His latter days in jail were spent in solitary confinement for his own safety. In prison “Time congealed around me like amber over a mosquito that had taken a small misstep.” He knows that “Getting me put in solitary rescued me from becoming a murderer”
When he was finally released his job and his pension were dust and his marriage was over, thanks to the video the cops had shown his wife of the alleged rape.
Ten years later, when we first meet him, he has set up a private detective agency, and is eking out a meagre living while brooding about the unfairness of his situation and dreaming of vindication and a return to the job he loved so much.
Although Joe was a womaniser, he had his own code of conduct, he knew where the line was that should not be crossed and he had prided himself on his fairness and diligence. His teenage daughter Aja-Denise works in his office, and she is the one ray of light in his otherwise dark and solitary world. Even his libido has taken a severe knock. “When I got off the bus at the Port Authority I stopped and looked around, realising how hollow the word freedom really was.”
Then one day he receives a letter from Beatrice Summers, a woman he once knew as Nathali Malcolm. She is the woman responsible for his downfall; the woman he was accused of raping. Now she has found a new life, a husband and family and a new faith. It is this faith that leads her to write to Oliver offering to testify on his behalf and asserting that she had been forced to frame him by an NYPD officer.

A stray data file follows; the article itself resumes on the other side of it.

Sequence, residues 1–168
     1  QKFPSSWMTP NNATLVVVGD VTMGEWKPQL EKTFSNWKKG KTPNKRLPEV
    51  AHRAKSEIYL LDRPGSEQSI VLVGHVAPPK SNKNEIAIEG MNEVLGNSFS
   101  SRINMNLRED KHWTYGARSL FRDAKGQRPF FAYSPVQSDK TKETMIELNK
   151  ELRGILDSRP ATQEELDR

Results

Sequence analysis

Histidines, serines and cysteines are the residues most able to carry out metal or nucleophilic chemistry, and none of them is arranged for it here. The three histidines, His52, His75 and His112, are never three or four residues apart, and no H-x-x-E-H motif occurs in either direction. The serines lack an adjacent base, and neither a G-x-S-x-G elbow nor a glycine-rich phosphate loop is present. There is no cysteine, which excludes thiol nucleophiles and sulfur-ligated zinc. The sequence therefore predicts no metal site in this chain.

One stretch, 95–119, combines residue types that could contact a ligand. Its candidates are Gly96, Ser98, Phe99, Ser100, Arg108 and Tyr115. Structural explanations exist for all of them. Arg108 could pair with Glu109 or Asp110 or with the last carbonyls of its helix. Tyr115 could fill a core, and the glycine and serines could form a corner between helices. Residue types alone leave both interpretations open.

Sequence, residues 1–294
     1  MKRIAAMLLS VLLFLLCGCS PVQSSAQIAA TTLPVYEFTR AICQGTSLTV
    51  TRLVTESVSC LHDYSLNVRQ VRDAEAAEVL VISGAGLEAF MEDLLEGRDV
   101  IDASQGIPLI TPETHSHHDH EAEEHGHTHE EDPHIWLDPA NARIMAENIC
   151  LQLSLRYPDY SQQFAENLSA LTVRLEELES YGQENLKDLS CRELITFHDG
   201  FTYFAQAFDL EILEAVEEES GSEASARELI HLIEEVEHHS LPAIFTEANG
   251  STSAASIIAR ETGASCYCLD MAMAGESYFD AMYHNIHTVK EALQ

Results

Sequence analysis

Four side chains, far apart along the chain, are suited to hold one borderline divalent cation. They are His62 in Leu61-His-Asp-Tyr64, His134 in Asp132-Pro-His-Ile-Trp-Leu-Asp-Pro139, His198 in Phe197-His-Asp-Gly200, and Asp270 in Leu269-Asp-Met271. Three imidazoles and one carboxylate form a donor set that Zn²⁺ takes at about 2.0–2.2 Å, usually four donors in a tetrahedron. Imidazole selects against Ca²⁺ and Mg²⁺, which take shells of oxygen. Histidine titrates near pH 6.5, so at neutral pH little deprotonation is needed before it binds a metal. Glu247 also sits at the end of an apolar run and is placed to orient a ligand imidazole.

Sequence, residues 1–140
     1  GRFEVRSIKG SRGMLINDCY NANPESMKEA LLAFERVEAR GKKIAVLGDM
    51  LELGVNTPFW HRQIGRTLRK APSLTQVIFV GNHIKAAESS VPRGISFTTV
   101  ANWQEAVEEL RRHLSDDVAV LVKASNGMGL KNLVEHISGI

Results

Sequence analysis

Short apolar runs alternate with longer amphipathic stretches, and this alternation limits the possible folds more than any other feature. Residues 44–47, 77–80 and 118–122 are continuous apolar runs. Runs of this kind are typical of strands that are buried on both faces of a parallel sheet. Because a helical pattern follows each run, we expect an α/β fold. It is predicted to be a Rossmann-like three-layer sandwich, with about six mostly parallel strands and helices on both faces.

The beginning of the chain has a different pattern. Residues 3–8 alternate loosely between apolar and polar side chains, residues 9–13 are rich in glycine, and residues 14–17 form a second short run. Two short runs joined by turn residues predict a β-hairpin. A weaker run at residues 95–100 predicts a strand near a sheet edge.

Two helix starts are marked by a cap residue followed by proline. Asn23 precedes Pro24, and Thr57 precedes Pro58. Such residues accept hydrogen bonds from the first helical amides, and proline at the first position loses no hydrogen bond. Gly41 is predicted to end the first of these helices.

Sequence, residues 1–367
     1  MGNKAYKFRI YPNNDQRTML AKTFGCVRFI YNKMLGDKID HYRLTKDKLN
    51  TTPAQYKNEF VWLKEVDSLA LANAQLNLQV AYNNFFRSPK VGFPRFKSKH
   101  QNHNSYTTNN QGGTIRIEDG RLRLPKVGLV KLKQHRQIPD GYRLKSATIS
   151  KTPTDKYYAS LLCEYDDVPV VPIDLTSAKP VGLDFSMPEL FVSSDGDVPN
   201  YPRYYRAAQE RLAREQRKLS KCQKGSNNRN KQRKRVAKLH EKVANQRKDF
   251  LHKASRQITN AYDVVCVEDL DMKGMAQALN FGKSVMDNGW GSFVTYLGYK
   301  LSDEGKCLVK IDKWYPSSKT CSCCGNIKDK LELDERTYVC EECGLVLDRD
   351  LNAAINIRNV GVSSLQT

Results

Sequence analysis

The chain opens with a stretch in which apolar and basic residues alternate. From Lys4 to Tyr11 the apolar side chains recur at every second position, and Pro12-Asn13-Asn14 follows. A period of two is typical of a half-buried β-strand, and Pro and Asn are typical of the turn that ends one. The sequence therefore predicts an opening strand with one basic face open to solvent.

As King ponders what to do, juggling his rage and his fear of what might happen if he re-opens his case; another opportunity walks through the door.
Leonard Compton, a black militant journalist known as A Free Man, is facing the death penalty for the murder of two police officers. His lawyer had been preparing a death row defence, claiming the cops were trying to kill him for meddling in their corrupt and child trafficking business.